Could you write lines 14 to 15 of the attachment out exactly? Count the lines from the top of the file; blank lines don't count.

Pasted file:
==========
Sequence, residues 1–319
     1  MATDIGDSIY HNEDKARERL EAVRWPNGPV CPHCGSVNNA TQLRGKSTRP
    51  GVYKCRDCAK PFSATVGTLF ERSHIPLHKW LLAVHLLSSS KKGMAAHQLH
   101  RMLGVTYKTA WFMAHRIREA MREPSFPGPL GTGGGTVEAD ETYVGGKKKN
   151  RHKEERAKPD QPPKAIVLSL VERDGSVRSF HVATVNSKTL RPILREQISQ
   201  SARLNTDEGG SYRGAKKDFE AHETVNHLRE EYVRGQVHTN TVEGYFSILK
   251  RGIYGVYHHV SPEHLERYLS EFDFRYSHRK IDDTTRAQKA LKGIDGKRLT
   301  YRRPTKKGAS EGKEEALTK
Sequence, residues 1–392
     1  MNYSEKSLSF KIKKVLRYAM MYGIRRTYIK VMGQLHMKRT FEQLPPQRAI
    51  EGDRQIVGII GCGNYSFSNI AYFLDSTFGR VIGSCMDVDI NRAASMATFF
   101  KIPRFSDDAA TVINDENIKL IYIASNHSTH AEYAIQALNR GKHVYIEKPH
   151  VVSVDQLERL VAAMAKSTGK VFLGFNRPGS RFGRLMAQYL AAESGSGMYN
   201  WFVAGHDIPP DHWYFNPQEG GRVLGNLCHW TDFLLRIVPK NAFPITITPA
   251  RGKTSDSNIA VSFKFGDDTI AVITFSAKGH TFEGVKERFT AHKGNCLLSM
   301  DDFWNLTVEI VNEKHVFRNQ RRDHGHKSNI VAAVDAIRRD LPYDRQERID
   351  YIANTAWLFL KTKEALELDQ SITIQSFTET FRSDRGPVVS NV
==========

   201  WFVAGHDIPP DHWYFNPQEG GRVLGNLCHW TDFLLRIVPK NAFPITITPA
   251  RGKTSDSNIA VSFKFGDDTI AVITFSAKGH TFEGVKERFT AHKGNCLLSM